Evolution of bow-tie architectures in biology

Evolution of bow-tie architectures in biology
Tamar Friedlander, Avraham E. Mayo, Tsvi Tlusty, Uri Alon
Subjects: Molecular Networks (q-bio.MN)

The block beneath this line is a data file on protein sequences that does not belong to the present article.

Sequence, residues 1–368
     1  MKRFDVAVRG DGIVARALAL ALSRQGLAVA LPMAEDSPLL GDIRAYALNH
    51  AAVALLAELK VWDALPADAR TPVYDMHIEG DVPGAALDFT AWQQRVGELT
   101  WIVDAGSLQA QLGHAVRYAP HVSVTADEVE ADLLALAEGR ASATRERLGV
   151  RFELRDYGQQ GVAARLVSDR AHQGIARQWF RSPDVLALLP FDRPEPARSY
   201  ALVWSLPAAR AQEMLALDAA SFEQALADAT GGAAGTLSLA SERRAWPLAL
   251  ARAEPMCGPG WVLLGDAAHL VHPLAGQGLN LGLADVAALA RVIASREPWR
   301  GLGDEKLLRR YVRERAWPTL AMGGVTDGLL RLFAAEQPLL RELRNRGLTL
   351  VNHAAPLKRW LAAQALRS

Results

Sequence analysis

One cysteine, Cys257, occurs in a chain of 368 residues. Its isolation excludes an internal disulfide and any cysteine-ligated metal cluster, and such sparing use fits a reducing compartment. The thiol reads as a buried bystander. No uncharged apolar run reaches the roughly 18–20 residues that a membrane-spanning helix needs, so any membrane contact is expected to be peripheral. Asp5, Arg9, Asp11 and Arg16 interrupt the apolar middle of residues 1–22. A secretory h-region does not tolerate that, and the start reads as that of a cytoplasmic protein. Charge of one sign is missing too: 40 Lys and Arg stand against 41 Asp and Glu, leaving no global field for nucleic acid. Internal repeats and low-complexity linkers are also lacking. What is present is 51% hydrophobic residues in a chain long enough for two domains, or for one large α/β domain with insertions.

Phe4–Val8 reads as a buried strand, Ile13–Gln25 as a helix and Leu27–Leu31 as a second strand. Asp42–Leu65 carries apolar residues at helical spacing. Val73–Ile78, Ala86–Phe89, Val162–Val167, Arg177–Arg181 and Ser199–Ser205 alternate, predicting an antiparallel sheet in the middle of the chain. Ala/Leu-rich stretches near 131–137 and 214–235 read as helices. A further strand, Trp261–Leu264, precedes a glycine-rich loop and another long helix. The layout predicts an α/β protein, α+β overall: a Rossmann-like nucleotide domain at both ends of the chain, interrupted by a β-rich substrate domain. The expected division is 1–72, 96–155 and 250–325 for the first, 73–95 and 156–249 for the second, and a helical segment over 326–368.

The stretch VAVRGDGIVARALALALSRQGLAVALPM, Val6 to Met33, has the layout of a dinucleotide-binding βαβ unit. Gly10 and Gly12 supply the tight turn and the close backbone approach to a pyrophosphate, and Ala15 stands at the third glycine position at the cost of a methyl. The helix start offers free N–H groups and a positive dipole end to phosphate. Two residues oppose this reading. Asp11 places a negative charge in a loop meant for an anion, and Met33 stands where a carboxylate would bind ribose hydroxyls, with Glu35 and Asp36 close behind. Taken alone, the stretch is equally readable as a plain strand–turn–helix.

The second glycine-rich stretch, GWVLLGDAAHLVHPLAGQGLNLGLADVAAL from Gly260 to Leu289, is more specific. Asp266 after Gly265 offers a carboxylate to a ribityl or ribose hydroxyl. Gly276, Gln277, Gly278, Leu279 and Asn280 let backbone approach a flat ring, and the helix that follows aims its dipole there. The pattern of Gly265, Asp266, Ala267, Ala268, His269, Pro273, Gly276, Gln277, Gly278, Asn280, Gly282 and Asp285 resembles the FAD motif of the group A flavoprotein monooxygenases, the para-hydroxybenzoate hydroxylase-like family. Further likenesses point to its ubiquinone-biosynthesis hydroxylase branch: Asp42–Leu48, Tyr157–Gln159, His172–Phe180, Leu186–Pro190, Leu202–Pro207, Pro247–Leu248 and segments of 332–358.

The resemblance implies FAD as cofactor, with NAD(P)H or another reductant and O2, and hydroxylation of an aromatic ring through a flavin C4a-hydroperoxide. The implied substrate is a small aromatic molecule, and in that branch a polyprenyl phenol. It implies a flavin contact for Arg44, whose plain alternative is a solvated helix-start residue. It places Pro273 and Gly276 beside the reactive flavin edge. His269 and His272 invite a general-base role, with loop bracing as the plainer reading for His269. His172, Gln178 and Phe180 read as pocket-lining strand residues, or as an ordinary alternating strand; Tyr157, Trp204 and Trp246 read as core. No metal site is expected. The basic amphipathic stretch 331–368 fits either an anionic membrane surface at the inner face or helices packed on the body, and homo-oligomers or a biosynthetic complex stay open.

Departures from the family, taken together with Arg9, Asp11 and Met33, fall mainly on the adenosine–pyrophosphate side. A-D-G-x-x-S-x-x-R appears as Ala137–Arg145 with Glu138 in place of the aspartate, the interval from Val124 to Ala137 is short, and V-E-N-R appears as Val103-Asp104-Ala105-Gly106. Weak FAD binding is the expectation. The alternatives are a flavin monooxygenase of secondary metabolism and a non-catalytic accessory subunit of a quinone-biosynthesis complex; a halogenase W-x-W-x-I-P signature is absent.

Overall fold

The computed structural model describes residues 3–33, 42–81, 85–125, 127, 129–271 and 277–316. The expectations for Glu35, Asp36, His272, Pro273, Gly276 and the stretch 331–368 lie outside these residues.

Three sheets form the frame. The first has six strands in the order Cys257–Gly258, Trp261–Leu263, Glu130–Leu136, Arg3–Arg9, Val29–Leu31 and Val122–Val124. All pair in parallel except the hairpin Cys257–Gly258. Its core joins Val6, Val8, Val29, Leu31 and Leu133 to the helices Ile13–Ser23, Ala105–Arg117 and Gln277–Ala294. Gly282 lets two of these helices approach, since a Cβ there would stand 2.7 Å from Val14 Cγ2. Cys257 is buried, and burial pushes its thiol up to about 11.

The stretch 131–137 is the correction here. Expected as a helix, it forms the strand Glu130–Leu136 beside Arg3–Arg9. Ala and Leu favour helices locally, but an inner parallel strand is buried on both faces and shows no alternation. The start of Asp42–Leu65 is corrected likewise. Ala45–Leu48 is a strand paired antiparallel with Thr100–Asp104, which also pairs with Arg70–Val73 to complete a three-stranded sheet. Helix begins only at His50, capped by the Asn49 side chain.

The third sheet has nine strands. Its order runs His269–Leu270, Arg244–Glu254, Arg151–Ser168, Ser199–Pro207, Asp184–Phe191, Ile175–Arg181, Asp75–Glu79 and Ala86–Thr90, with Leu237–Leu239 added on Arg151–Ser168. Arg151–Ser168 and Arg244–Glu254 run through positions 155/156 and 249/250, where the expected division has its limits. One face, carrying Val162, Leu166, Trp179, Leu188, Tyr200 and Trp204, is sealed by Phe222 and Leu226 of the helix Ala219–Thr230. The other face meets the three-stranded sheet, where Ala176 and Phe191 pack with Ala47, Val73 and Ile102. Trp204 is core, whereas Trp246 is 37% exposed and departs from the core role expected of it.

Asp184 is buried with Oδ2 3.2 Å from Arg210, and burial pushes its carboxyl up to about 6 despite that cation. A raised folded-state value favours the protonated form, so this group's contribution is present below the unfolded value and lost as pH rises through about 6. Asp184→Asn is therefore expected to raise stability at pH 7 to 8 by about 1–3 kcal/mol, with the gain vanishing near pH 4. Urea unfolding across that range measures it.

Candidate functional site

Bow-tie or hourglass structure is a common architectural feature found in biological and technological networks. A bow-tie in a multi-layered structure occurs when intermediate layers have much fewer components than the input and output layers. Examples include metabolism where a handful of building blocks mediate between multiple input nutrients and multiple output biomass components, and signaling networks where information from numerous receptor types passes through a small set of signaling pathways to regulate multiple output genes. Little is known, however, about how bow-tie architectures evolve. Here, we address the evolution of bow-tie architectures using simulations of multi-layered systems evolving to fulfill a given input-output goal. We find that bow-ties spontaneously evolve when two conditions are met: (i) the evolutionary goal is rank deficient, where the rank corresponds to the minimal number of input features on which the outputs depend, and (ii) The effects of mutations on interaction intensities between components are described by product rule – namely the mutated element is multiplied by a random number. Product-rule mutations are more biologically realistic than the commonly used sum-rule mutations that add a random number to the mutated element. These conditions robustly lead to bow-tie structures. The minimal width of the intermediate network layers (the waist or knot of the bow-tie) equals the rank of the evolutionary goal. These findings can help explain the presence of bow-ties in diverse biological systems, and can also be relevant for machine learning applications that employ multi-layered networks.


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